Ha! Um, yeah. It was actually my experience working as a screenwriter in Hollywood in the late 1990s that I think really made this book come alive. (Hey, maybe if the book is Frankenstein’s monster, Hollywood was the lightning bolt that caused it to sit upright!)
In a way, it’s hard to parody Hollywood, because it’s such an over-the-top town. It’s all about image and illusion, not reality. And man, if you want to sell your soul, that’s the easiest place in the world to do it, because it all comes down to money there.
Of course, Dreamquest isn’t about Hollywood per se. It’s about anyone or any place that puts the bottom line ahead of people. Sadly, it’s very timely these days.
I wish I could explain how that works, but it’s a total mystery to me. I don’t know where those creatures come from. My own subconscious? When it comes to creations like the Moon People or the grognits (both of which I’m pretty proud of), all is know is that I know when it’s right, and I know when it’s still not quite right.
Thank you. I think the best children’s books can be read and enjoyed by all ages. That’s certainly my goal!
I do plan to continue the series. The series title is Tales of Slumberia, and I have three more books outlined: Brainstorm, Moodtides, and Soulsearch. But whether or not I write them will depend, of course, on the reaction to the first book. (And this isn’t my publisher talking: it’s me! Why write books unless people want to read them, you know?)
Hmmmm, lately I enjoy Supernatural, Desperate Housewives, Scrubs, My Name is Earl, and Battlestar Galactica. My all-time favorite shows are Buffy the Vampire Slayer, Six Feet Under, and Xena: Warrior Princess (which has actually turned up in a book or two of mine!).
Basically I like shows that have all the elements of classic drama: sympathetic main characters in impossible situations doing larger-than-life things, driven by a strong moral sense. I also like plot; I really appreciate a tightly-plotted story, and I hate being jerked around. A sense of humor is important. I couldn’t stand The West Wing, because it took itself so damn seriously! I checked out of Heroes and Lost for the same reason.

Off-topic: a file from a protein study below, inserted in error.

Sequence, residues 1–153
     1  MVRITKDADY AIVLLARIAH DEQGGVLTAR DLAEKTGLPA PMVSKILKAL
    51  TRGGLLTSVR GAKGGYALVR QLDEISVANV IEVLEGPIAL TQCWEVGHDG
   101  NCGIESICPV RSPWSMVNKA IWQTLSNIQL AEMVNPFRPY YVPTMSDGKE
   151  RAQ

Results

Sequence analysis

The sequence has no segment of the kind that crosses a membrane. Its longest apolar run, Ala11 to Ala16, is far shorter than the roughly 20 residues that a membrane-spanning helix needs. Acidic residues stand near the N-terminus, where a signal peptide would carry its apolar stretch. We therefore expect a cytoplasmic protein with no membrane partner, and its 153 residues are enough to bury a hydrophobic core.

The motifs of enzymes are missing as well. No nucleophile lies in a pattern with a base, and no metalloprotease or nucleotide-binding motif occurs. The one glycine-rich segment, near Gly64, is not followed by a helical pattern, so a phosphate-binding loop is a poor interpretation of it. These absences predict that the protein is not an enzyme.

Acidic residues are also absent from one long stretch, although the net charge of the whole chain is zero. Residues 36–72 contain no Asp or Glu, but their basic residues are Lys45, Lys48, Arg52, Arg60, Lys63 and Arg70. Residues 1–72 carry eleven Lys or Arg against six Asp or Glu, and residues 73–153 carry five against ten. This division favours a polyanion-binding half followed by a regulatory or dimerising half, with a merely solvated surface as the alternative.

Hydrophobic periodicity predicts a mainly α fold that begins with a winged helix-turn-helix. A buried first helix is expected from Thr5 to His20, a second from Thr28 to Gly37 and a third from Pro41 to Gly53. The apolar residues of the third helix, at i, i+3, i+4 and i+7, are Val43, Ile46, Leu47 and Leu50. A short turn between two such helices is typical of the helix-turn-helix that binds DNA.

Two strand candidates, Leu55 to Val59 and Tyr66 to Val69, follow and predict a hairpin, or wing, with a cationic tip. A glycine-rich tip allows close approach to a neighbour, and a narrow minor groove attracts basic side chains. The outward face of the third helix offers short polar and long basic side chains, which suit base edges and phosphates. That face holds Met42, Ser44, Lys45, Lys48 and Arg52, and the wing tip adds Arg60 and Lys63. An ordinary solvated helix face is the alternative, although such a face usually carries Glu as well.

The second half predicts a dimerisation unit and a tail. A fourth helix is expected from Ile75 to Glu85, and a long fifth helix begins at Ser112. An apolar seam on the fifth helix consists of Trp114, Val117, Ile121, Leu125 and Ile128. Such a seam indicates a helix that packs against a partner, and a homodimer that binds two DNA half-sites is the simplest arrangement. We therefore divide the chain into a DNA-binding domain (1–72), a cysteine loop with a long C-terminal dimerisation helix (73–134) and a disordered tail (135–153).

Lately I’ve been having those nightmares where I have to give a keynote address or something, and I forgot to write a speech. Either that, or I deleted a manuscript. Very boring, but a pretty clear indication that I’m working too hard.
I do occasionally dream a story I can turn into a book. But if I told you my ideas, I’d have to kill you.
Well, the third book in the GEOGRAPHY CLUB series came out earlier this year. It’s called SPLIT SCREEN, and it’s actually two complete books in one, one from Russel’s POV and one from his best friend Min’s POV. It’s the first book I’ve ever written where I have yet to hear a single negative word. Weird! I hope that’s not a dream I wake up from.
Also, the movie of GEOGRAPHY CLUB seems to be moving ahead nicely, though there’s still no start date that I know of. And I’ve been adapting an old play of mine, also about teenagers, for the screen, and hopefully they’ll start shooting this summer.
I always hate to complain because I know that I’m living a life a lot of people would kill for, but it can be hard, especially lately. These great opportunities keep coming my way, opportunities that I struggled for 15 years to get, so they’re almost impossible to pass up. And I genuinely love what I do, telling stories. On the other hand, all the travel really, really sucks, and sometimes I feel like I’m constantly working. And hey, I could die tomorrow, right? So it’s a balancing act.
I will say this. Lately I’ve been cutting waaaaay back on every part of being a writer that doesn’t involve actual writing. Less travel, I hope!
That said, I’m still always happy to answer questions, so if anyone has any, swing by my website: www.brenthartinger.com
And thanks! You’re always fun, Debbi.